Let us face it. Why are the labourers so keen to go to the desert, knowing fully well the conditions there? Is it not because they have no opportunities back home even to get basic necessities of life? Can “humanitarian outlook” alone ensure that the children of these unfortunate labourers be fed and educated and not made to land up as child labourers in sweatshops? The only alternative to prevent the tragedy is to dump all sorts of ideologies that come in the way of job creation. Till then, people will pay lakh of rupees to agents, MLAs and MPs to get them smuggled out of the country.
Let us face it yet again. It is indeed appalling to visualise the nimble fingers of a 10-year-old handling needles for hours together. But, does it make sense to see him/her digging on garbage heaps for food or begging on the streets? In all probability, soon after being sent back to their parents in Bihar, the lads will end up in another sweatshop, perhaps for a lesser wage because they will have to learn the work all over again.
Dignitaries like Kailash Satyarthi and Bhuwan Ribhu, who derive immense satisfaction after their rescue operations under media glare, may answer that it would be better to die than having to subsist on labour as a child! The question is, are they doing any good to their supposed beneficiaries.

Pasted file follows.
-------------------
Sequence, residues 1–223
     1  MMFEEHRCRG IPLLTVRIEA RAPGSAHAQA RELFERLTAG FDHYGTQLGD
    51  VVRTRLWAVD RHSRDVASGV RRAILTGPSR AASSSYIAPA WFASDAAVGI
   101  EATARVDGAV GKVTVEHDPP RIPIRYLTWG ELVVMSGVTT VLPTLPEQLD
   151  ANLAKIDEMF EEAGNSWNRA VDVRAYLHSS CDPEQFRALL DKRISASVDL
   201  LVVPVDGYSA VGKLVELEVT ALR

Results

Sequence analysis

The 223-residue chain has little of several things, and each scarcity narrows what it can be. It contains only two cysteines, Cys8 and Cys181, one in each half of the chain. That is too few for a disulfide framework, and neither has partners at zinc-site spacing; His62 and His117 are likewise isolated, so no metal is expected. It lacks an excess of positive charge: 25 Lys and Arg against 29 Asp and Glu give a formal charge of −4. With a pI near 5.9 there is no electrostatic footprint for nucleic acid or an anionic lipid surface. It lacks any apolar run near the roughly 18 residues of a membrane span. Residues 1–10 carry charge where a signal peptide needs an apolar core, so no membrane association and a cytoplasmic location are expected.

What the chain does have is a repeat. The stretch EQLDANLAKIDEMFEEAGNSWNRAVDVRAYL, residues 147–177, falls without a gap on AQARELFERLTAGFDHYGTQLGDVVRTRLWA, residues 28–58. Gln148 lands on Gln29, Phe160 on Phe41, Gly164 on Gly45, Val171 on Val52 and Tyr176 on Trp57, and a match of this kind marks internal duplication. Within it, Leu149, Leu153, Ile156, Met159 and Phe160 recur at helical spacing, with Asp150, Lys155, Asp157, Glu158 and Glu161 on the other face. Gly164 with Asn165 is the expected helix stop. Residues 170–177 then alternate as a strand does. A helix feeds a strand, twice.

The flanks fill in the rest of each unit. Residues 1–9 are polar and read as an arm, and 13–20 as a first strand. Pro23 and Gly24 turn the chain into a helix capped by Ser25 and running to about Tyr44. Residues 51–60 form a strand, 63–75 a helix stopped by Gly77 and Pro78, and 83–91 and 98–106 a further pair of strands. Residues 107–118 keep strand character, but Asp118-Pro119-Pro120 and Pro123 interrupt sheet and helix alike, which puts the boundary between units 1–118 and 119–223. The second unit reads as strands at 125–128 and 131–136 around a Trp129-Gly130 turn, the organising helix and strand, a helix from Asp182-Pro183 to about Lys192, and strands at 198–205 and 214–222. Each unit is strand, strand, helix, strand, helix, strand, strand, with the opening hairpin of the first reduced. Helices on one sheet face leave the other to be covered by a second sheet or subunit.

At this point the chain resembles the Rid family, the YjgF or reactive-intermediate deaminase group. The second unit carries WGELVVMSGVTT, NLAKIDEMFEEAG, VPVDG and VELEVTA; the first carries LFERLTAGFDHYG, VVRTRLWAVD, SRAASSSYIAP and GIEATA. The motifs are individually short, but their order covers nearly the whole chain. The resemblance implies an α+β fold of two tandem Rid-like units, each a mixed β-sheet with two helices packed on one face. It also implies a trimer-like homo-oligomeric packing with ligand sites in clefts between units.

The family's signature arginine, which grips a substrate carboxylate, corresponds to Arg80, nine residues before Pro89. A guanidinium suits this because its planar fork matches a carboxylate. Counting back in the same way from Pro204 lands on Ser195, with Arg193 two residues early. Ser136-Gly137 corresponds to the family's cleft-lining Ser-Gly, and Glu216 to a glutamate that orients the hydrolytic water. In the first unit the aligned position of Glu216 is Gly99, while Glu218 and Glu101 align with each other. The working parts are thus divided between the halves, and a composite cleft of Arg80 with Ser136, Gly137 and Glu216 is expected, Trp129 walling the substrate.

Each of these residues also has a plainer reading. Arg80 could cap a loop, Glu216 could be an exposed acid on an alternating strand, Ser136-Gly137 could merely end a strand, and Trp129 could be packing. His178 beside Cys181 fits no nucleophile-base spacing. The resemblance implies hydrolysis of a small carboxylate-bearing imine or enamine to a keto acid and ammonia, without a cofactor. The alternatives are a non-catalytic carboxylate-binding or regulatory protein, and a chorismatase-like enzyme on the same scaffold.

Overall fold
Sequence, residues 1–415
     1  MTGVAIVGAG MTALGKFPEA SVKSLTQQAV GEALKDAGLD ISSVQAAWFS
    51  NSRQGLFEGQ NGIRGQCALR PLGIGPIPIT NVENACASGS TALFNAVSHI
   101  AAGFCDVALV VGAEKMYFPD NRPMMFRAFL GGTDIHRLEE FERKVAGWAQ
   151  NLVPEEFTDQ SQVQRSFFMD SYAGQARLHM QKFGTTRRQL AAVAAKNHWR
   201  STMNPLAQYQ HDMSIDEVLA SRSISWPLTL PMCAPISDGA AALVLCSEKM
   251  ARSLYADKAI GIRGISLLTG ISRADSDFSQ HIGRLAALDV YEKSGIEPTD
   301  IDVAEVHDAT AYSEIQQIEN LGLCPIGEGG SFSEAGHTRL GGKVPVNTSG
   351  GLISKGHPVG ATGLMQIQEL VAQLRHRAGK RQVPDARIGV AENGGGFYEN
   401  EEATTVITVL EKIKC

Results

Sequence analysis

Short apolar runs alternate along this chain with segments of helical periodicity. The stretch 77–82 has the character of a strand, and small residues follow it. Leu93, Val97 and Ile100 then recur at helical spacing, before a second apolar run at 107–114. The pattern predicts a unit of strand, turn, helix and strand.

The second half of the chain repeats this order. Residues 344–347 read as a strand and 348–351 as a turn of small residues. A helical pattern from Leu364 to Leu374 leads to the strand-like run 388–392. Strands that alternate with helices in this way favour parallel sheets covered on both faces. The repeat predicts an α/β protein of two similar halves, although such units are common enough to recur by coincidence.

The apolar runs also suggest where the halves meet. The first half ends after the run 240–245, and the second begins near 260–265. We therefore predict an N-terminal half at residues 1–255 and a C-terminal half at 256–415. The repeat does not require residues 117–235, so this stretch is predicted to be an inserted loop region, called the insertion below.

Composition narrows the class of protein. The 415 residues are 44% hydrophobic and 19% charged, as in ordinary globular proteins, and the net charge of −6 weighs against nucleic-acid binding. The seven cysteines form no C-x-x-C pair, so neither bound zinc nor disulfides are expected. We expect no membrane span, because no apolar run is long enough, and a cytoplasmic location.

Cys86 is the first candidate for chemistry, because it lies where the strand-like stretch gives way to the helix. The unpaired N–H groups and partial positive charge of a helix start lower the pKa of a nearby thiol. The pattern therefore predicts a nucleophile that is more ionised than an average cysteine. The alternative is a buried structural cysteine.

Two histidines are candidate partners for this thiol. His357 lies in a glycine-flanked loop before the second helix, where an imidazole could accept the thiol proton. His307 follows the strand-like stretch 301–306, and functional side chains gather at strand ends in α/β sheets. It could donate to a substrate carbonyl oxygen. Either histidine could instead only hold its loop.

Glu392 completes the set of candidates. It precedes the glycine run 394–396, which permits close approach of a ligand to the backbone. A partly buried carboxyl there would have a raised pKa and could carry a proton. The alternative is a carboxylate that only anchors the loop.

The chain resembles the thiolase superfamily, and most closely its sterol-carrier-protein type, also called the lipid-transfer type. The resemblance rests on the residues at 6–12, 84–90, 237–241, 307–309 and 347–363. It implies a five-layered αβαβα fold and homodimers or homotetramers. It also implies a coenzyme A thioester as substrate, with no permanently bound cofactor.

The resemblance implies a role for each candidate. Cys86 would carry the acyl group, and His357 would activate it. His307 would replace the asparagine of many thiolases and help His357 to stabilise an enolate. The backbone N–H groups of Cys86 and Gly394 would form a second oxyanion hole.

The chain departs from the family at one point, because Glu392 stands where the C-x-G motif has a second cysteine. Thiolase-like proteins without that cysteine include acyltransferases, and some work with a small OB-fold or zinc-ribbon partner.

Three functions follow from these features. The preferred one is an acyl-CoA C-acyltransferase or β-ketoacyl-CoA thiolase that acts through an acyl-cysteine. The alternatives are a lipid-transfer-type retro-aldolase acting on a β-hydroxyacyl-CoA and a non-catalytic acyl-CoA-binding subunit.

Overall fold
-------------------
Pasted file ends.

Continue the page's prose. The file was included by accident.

Changing Ethos of Mumbai – Sweatshops ??????
SWEAT shops and glass houses, are the new inheritors — the factory sirens that symbolised Mumbai's limitless potential for employment and a better life have fallen silent and the mill chimneys that rose proudly over the city's chawls are now simply shabby neighbours to fancy giants housing hyper malls and call centres.
It is not simply the skyline that has changed. It is the very ethos of a city that spelt `fighting spirit'. Older workers like Vasant Dandekar are convinced that even Mumbai's remarkable record of being safe for women travelling alone at night was linked to its working class progressive norms brought about through political and social consciousness. "The late night shift mill workers returning home were a reassuring presence. Alas, it is no longer so."
The over two lakh mill workers primarily along with the 1.25 lakh civic workers, the postal employees, dock workers, Government employees gave the city its politically conscious, ever-ready-to-protest image. The powerful public sector bank employees and officers' union too are a familiar part of the city's labour consciousness, proud of their role in winning for all an eight-hour working day. But for all these sections, dwindling numbers, competing private contractors, voluntary retirement schemes and freeze on recruitment have meant a dimming of their influence and prominence.